Posted in English

Birds and Bad Words (Pássaros e Palavrões)

Today I had a lesson with a Portuguese teacher via Skype. She follows me on Instagram so she asked me about a picture I’d posted of some birds that have made a home in a nesting box on our allotment. So I described them, but I hit a problem fairly early on: I don’t know the names of many birds. Let’s see… umm… corvo (crow), pomba (pigeon), farm birds like Ganso, Pato, Galinha, Peru, um… what else? Ostrich, I think is avestruz, eagle is… águia (I needed spellcheck’s help even on that one), owl is coruja (I only know this from reading Harry Potter e a Pedra Filosofal), and melro-preto I know from a song is a blackbird. That’s about it. Sadly, the nesting birds were not blackbirds, nor owls, much less ostriches, so that put paid to that. So I went to my old friend google translate to find out how to say “blue tits”. If you’re british you know blue tits and great tits are real birds whose place in the comedy double-entendre pantheon of our island nation is inestimable. But the reason the liked of Benny Hill have been able to exploit their comic potential is that “tit” also means something else.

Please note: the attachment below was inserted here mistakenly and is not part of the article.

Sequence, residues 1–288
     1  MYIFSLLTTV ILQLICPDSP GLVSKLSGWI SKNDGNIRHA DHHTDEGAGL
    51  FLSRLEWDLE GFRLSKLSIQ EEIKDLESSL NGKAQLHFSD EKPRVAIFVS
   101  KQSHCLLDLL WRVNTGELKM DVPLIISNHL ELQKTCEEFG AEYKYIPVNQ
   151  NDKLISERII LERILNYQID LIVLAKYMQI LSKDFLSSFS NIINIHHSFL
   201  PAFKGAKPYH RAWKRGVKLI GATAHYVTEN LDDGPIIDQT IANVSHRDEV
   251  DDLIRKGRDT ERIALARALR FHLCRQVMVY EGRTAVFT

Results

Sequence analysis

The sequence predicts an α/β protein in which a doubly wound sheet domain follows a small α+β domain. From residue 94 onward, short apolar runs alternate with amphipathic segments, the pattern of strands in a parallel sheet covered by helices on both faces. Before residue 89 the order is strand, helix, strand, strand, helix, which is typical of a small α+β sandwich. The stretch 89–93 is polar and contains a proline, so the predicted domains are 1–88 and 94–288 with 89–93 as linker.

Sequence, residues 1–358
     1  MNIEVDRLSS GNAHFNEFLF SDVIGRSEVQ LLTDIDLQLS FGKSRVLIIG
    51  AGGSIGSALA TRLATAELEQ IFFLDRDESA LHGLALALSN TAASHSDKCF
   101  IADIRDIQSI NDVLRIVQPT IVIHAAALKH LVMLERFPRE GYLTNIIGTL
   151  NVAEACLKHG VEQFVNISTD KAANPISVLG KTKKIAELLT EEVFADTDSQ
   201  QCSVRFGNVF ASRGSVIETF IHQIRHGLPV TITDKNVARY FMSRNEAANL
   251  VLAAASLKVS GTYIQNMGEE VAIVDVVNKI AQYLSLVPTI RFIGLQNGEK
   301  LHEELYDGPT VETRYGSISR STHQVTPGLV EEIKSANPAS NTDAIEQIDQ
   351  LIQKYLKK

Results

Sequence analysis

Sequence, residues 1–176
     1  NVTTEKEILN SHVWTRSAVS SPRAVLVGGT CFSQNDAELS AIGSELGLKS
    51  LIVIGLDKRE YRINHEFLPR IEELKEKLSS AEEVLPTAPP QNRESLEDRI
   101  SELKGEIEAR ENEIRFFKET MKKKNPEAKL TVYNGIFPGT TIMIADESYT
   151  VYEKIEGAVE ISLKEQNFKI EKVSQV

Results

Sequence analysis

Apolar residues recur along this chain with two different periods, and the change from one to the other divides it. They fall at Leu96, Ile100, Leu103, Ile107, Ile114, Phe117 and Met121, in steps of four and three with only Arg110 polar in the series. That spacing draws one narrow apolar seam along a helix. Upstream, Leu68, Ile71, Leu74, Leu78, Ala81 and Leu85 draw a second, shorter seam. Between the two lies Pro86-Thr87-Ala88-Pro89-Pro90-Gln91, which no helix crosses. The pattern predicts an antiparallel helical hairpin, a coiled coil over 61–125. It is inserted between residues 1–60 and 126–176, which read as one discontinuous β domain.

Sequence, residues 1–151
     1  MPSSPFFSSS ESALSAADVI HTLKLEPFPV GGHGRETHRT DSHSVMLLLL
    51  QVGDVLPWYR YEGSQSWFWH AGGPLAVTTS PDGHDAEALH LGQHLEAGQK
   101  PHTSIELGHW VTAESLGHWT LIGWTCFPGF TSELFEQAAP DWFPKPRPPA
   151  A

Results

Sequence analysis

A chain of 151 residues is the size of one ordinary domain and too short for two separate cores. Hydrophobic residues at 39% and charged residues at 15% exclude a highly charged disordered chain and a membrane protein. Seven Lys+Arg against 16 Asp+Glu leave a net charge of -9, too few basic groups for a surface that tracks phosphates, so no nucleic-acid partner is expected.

Here’s what I got:


I was none the wiser. Should I just blurt it out and hope she didn’t burst out laughing? I blurted, while simultaneously plugging the words back into google search and was reassured to see lots of images of actual feathery blue tits.  This is one of those times when the choice of tools matters though because if I’d used Bing Translate I would have got this…


…which actually does mean blue breasts (bit not the cruder “tetas” which is more of a direct equivalent for “tits”).

Bird names are a minefield, actually. There’s a bird called a shag and another called a booby. It’s almost as if, when Adam named all the animals, he started getting bored by the time he reached the birds and decided to see what he could get away with.

So what’s the message? Something about not letting Bill Gates teach you how to speak a language, I think.



Just a data nerd

One thought on “Birds and Bad Words (Pássaros e Palavrões)

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